More explicitly there’ll be amendments moved starting with an attempt to excise from the Bill, that portion which deals with sedition and if that is unsuccessful more explicit amendments in relation to that. There’ll also be other amendments that relate to broader aspects of the Bill - it’s a very complex, broadly based Bill. We will be moving some of those in the House and we’ll be moving more of them, subsequently, in the Senate. So, those are the two characteristics of the two types of amendments that we will be moving.

JOURNALIST: (inaudible) apart from sedition -You just mentioned there’ll be amendments dealing with other -

BEAZLEY: Yes there’ll amendments dealing with other aspects - we’ll go into them when we move the amendments.

JOURNALIST: On the sedition, as I understand it, you’re saying now the sedition part of the Bill should be deferred -

BEAZLEY: We think it should be.

JOURNALIST: How does that rests with what you said a couple of weeks ago which was that the sedition provisions were too weak to tackle the kind of racial and religious vilification that was been used as a recruiting call for terrorists?

BEAZLEY: There unrelated to the sort of vilification issues that we have been concerned about. The vilification issues which are issues closely bound up with mutual respect in the community - respect for each other we would see as more appropriate here. The Government is not proceeding with that, they’re proceeding instead with the sedition laws. We think that the process that the Minister is talking about which is to look at these sedition laws more closely, apparently that’s a promise he’s made to Senator Brandis and others on their back bench. Or rather than passing the material through now given it’s not very specifically related to the sorts of issues of catching and holding and successfully prosecuting terrorists.

We think that that would be appropriate for them to set to one side. If however, they don’t, we’ll move a set of amendments. As I said, at the end of the day, all these things won’t be showstoppers as far as our approach to the Bill is concerned. Any remaining concerns that we have with this Bill, either in that part or in others of it will be developed as Party policy and taken to the people at the

next election.

JOURNALIST: Are you still going to move your racial vilification amendments (inaudible) and secondly, does this promise to pass the whole Bill, whole, regardless of what comes out of the Senate inquiry once and for all-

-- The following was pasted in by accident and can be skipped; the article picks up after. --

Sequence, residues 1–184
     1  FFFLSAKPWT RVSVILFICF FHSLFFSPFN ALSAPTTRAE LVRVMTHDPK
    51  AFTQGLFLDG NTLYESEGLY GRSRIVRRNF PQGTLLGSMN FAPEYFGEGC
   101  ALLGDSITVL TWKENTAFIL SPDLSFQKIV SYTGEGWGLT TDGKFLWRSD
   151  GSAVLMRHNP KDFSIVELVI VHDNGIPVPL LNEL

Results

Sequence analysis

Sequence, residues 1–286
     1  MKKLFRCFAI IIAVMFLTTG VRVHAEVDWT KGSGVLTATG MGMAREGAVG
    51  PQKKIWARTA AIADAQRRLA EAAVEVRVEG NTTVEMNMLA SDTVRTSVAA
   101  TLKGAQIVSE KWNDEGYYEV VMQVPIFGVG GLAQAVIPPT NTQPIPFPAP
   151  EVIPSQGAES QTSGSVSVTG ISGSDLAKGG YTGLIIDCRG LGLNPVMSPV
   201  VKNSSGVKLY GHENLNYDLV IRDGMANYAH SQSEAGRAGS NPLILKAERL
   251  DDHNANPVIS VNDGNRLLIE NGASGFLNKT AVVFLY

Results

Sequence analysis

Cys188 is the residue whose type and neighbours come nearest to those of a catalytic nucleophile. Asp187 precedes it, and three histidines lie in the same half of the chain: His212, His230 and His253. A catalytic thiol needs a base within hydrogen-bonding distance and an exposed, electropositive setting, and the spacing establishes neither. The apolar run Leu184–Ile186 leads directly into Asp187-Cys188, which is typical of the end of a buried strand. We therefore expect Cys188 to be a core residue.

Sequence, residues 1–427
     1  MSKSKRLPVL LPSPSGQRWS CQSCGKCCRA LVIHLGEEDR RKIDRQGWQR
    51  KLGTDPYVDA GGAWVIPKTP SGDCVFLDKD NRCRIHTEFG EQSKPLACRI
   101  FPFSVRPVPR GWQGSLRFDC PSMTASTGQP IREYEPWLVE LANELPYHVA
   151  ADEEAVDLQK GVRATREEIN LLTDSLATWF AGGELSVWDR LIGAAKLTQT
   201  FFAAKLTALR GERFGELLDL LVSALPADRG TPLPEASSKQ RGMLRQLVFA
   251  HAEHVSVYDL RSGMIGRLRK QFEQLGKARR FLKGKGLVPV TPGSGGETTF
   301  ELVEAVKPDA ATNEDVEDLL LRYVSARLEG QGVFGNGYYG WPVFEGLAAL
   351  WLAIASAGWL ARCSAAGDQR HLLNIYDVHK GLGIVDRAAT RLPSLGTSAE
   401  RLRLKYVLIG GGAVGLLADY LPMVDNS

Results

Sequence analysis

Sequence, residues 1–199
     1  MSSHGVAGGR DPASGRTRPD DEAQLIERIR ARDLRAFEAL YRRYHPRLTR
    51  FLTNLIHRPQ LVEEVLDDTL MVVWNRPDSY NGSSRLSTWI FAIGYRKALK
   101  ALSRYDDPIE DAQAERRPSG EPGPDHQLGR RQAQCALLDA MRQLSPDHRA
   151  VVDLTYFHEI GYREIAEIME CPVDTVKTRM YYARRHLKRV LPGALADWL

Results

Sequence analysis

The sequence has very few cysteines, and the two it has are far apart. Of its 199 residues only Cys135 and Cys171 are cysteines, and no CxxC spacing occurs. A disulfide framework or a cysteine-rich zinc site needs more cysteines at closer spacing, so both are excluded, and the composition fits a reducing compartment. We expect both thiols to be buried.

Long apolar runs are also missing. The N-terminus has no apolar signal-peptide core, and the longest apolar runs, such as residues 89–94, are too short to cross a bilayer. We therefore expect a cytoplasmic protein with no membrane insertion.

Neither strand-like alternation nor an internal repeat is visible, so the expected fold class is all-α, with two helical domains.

BEAZLEY: We will certainly, because we have moved it before that vilification proposition we will at some point of time move that again. It would stand best as a separate Bill. But as to the other side of your question - what will

our attitude be? Yes, we will fight for all of our amendments as hard as we can. If we’re unsuccessful, that as I said won’t be a showstopper we wouldn’t be opposing the Bill. But we would nevertheless be taking out continuing objection

as a political consideration in the normal policy way at the subsequent election.

JOURNALIST: I know you’re limited in what can you say about those raids because people have been charged. In terms of the broader issue of people who are found guilty of being a member of a terror organisation or engaging in

terrorist activity who hold dual citizenship, do you believe there should be debate on whether or not those people should be deported?

BEAZLEY: I really think that if you’ve got terrorists here and people engaged in terrorist’s activity you charge them with that offence and you put them in jail. That’s what you do - you put them in jail. I think if you’ve got sufficient

evidence to be able to pursue that here why send them to another country to commit terrorist’s acts against our people there?

JOURNALIST: Are you at all embarrassed by the comments made by Arch Bevis at the weekend given that he was also part of that briefing? He went on to say the Prime Minister’s conduct is a sort of smokescreen?

BEAZLEY: Not a bit of it. I’m enormously proud of the contribution that Arch has made. I might say that Arch was of enormous assistance to me in convincing the Caucus that we ought to get that Bill through as quickly as possible. And also, enormous support to me when saying we should have done in on the darn day we introduced it. Straight off -put it through. So, I think Arch has performed a fine role in this.

ends